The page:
Kyoto Journal Issue 52



The Mystery of Mastery
Photographer Yoshinaga Masayuki on Bosozoku
The Art of Setting Stones
Synthetic Dreams: The Art of Mariko Mori
Sculptor Sudo Hisao

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I’ve been taking pictures of bosozoku (members of motorcycle gangs and hot-rodders) for over seven years now. They are different from what people generally think of as bosozoku. If you actually talk to them face to face you find that their behaviour is quite animal-like in terms of reflex and instincts. Japan can’t handle their wild behaviour! I think you can’t just describe them as violent – there is something more to them than that. I take pictures of bosozoku because I want to send a message that we should reform society first, before criticizing them. Through my pictures I want people to know what is real. – Sally McLaren, No Apologies! Photographer Yoshinaga Masayuki on bosozoku , yakuza, Asian gaijin, and his life 

I was extremely influenced by two visits to North Vietnam, especially the first in 1968. I witnessed first-hand how an entire way of life, a low-tech, agricultural society, was in danger of being completely destroyed by the high-tech weaponry of the American military machine. It raised all kinds of moral questions in my mind. The vast majority of the Vietnamese were simple peasants who believed they were fighting a war of national liberation. Yet their tiny villages, and their pristine landscape of green forests and rice paddies, were being subjected to a kind of mass destruction I could not have imagined had I not gone there. – Philip Grant, Robert Falk on Militarization, Globalization, Peace, and Citizen-Pilgrims (with photos of sculptures by Lim Ok-Sang)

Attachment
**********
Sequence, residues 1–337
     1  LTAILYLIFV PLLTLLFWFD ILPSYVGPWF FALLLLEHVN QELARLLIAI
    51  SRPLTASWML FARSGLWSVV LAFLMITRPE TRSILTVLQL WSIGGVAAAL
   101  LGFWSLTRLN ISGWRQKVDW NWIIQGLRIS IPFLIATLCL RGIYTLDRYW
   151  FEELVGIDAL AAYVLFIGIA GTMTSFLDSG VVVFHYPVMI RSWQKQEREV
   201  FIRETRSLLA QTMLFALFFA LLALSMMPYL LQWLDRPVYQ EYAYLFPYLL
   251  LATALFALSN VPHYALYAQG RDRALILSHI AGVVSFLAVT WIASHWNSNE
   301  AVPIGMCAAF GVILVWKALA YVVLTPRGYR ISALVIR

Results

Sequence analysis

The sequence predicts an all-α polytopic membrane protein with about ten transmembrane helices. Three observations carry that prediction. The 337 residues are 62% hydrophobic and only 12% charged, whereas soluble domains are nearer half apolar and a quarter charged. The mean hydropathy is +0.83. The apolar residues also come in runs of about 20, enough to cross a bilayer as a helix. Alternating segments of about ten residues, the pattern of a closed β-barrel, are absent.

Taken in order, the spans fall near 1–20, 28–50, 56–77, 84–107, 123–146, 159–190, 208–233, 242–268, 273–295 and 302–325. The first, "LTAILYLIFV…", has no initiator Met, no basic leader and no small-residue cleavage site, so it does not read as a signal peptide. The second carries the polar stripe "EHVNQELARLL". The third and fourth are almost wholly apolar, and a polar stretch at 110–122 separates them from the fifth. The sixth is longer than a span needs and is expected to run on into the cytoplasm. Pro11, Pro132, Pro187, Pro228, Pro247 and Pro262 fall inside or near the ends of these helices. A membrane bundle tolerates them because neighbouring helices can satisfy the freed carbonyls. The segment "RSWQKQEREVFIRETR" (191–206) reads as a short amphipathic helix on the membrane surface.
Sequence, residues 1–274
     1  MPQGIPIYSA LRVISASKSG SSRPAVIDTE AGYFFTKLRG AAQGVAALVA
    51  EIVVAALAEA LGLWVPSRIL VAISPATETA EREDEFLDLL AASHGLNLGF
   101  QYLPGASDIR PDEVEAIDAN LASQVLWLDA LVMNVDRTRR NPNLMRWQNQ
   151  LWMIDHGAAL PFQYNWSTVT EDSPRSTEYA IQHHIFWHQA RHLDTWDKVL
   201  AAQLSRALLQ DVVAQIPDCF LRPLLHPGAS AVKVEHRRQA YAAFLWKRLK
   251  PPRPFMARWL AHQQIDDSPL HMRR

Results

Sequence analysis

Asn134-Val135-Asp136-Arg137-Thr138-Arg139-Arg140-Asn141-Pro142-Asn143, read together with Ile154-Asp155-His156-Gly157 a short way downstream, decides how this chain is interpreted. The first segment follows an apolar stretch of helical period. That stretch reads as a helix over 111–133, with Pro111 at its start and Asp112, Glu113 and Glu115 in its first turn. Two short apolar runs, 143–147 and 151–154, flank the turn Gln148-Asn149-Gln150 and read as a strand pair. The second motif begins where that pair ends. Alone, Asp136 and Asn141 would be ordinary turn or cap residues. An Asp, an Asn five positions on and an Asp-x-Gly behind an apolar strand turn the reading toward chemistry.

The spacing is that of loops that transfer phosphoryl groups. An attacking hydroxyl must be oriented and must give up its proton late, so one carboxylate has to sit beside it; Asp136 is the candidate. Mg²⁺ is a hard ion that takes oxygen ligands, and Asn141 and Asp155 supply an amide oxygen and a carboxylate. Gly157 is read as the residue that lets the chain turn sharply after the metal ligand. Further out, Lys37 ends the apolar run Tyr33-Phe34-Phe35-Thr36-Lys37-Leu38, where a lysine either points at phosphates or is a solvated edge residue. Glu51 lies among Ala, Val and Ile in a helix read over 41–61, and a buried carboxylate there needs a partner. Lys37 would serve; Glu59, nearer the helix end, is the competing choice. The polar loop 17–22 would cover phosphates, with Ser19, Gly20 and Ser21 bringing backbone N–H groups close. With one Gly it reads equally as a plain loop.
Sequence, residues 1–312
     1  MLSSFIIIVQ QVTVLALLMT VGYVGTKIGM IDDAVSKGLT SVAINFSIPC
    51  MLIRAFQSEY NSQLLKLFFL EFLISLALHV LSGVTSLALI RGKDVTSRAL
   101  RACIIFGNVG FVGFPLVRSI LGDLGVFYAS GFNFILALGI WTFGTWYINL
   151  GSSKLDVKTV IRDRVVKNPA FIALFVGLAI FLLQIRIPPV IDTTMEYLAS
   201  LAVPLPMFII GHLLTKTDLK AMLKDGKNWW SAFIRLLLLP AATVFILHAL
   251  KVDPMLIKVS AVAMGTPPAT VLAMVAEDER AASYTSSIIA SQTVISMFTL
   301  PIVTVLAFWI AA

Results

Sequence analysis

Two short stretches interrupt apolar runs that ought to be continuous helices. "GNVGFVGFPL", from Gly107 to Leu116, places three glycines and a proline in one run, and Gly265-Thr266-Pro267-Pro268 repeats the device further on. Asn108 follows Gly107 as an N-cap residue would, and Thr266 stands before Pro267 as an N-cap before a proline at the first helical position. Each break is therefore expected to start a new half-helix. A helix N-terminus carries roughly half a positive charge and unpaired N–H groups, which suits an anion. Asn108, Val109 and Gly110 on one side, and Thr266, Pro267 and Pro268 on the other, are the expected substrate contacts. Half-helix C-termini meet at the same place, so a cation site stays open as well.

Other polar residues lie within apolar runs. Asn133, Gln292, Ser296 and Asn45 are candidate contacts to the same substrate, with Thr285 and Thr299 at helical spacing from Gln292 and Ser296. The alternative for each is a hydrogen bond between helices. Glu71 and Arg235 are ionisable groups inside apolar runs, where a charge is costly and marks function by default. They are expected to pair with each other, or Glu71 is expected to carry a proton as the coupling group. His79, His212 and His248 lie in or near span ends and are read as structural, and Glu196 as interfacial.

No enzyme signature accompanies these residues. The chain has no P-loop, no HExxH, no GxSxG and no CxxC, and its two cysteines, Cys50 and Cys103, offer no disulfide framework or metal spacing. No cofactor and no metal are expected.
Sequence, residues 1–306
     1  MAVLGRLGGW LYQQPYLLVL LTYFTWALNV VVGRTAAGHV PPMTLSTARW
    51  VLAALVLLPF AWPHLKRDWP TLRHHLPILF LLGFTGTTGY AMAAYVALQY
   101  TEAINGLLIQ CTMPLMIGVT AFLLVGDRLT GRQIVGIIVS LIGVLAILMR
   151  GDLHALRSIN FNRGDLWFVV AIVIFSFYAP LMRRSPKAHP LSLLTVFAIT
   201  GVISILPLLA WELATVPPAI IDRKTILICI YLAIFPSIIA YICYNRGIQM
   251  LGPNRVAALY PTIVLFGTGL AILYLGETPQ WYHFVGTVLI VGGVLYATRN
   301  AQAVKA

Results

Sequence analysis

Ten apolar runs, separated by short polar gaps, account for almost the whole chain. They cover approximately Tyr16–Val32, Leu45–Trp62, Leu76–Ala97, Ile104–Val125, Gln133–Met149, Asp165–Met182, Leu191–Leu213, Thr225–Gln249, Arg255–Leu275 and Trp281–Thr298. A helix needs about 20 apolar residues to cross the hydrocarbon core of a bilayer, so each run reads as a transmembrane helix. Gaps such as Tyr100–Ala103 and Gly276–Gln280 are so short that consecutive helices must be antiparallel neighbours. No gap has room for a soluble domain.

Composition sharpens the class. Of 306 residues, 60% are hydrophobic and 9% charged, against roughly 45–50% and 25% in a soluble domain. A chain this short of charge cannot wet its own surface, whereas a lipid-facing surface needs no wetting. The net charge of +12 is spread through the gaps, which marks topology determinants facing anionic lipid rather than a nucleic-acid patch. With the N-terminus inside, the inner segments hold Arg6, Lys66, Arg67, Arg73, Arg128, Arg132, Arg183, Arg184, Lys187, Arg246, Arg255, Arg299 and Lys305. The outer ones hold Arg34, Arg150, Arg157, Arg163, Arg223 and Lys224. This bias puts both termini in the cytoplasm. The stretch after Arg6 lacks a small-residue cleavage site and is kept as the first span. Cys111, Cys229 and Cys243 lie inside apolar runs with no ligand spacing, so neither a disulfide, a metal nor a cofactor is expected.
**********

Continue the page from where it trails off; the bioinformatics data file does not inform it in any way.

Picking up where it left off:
The Mystery of Mastery – Dustin Leavitt
The Art of Setting Stones – Marc P. Keane
For a Place of Refuge – David Greer
Wine Through Water – Lynda Philippsen
No Apologies! Photographer Yoshinaga Masayuki on bosozoku yakuza, Asian gaijin, and his life – Sally McLaren
Robert Falk on Militarization, Globalization, Peace, and Citizen-Pilgrims – Philip Grant (with photos of sculptures by Lim Ok-Sang)
Kondo Tadashi & The United Nations of Renku – Patricia Donegan
Throwing My Life Away – Gregory Dunne
A Voice Lost, A Voice Found – Hauquan Chau
Small World: Beijing’s Mini Twin Towers – Philip Cunningham
Going North – With Reservations -– Valerie Perry
Can Man – Catherine Whyte
Celebrating the 4th, Lao Style – Noy Thrupkaew
Sex and Flat Tires – Robert Brady
Bug Vol.5 “Oegugin” Foreigners and Foreign Culture in Korea, Ed. Scott Burgeson— Sally McLaren
World Food – Japan, by John Ashburne — Eric Gower
Zig Zag Zen: Buddhism and Psychedelics, by Alan Hunt Badiner & Alex Grey— Lauren W. Deutsch All Worldly Pursuits, by Hillel Wright — David Cozy

Cover Image by Odera Akira
published December 20, 2002


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